WHEN TRYING TO PERSUADE an adult to do something they have an aversion to, we try to come up with as many reasons as we can why they should follow our instructions. It doesn’t work that way with children. Here’s a typical series of instructions:
- Eat your dinner, before it goes cold.
- Eat it now, it’s delicious. Look, I’m eating it.
- Why don’t you want it? You enjoyed it last time I made it.
- Come on, eat up, I spent hours cooking it.
- If you don’t finish you won’t get any ice cream afterwards.
- Think of the children in Africa who are starving.
Each time the child refuses to eat, they’re given a different reason why they should do so. It’s simply confusing. Choose a single reason, and stick to your guns.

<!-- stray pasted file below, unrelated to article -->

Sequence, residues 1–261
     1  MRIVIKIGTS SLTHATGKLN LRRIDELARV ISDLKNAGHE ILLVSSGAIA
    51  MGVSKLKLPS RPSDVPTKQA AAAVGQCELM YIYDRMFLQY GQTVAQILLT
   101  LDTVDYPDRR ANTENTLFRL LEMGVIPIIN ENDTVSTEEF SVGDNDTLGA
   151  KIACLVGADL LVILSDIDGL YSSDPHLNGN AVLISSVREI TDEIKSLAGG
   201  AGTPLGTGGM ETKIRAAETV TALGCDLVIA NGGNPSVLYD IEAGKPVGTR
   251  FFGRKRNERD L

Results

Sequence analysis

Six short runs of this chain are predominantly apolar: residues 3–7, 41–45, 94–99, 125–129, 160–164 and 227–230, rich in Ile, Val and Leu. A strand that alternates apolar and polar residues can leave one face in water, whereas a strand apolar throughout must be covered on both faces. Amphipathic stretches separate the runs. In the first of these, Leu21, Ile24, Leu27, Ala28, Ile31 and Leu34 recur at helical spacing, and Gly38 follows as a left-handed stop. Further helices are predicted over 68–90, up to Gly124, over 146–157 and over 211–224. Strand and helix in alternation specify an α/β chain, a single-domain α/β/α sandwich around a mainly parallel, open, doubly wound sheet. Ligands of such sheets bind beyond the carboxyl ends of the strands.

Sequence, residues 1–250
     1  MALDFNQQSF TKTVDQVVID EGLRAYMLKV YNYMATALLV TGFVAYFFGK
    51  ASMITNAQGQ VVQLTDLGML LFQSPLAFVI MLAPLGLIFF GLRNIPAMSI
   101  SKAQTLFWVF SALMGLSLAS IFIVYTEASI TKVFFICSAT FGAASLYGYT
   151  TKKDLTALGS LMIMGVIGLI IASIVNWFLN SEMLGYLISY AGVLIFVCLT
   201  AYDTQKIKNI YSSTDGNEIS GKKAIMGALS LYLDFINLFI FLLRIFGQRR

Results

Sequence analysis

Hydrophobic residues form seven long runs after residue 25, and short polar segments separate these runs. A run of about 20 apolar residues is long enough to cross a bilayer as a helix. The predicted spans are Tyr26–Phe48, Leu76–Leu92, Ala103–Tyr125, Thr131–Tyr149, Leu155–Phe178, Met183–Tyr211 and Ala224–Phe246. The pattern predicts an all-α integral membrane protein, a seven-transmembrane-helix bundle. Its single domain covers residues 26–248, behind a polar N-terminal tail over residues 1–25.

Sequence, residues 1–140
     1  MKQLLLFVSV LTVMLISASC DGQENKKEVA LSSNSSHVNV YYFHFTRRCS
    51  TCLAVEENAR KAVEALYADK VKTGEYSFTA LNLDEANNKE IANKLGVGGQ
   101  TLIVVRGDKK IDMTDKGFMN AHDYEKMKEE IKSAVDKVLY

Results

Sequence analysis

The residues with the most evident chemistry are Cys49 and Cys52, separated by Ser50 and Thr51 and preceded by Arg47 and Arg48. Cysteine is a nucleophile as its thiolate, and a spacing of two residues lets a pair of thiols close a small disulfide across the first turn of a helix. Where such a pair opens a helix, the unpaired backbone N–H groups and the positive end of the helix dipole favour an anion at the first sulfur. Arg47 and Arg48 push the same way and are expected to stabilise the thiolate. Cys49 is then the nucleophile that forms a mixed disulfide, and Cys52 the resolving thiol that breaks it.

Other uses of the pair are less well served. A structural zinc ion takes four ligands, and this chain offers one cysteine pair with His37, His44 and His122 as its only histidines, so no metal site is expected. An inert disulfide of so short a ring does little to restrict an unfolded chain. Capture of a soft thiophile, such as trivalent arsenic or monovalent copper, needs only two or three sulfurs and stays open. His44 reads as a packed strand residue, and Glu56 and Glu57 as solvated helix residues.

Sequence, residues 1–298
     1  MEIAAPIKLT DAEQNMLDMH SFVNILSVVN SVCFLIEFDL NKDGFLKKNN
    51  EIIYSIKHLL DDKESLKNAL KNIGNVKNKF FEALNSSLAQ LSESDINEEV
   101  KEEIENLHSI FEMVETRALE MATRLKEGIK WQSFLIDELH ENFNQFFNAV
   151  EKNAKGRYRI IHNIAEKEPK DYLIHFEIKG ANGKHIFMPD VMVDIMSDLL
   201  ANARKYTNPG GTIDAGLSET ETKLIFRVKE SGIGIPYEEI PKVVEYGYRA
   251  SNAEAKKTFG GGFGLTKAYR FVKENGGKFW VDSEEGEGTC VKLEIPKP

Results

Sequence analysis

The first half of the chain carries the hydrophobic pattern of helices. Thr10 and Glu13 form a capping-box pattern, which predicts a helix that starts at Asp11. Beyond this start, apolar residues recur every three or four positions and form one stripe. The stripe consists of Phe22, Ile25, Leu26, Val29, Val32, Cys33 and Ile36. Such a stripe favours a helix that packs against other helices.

If you say No, mean it
Every parent has experienced the problem of being ground down by persistent nagging. The very worst phrase you can use to your children is “Oh, all right then.”
It may have taken them ten minutes to get you to cave in. Next time it may take twenty. Or half an hour. They don’t care. If nagging gets results eventually, kids have all the time in the world.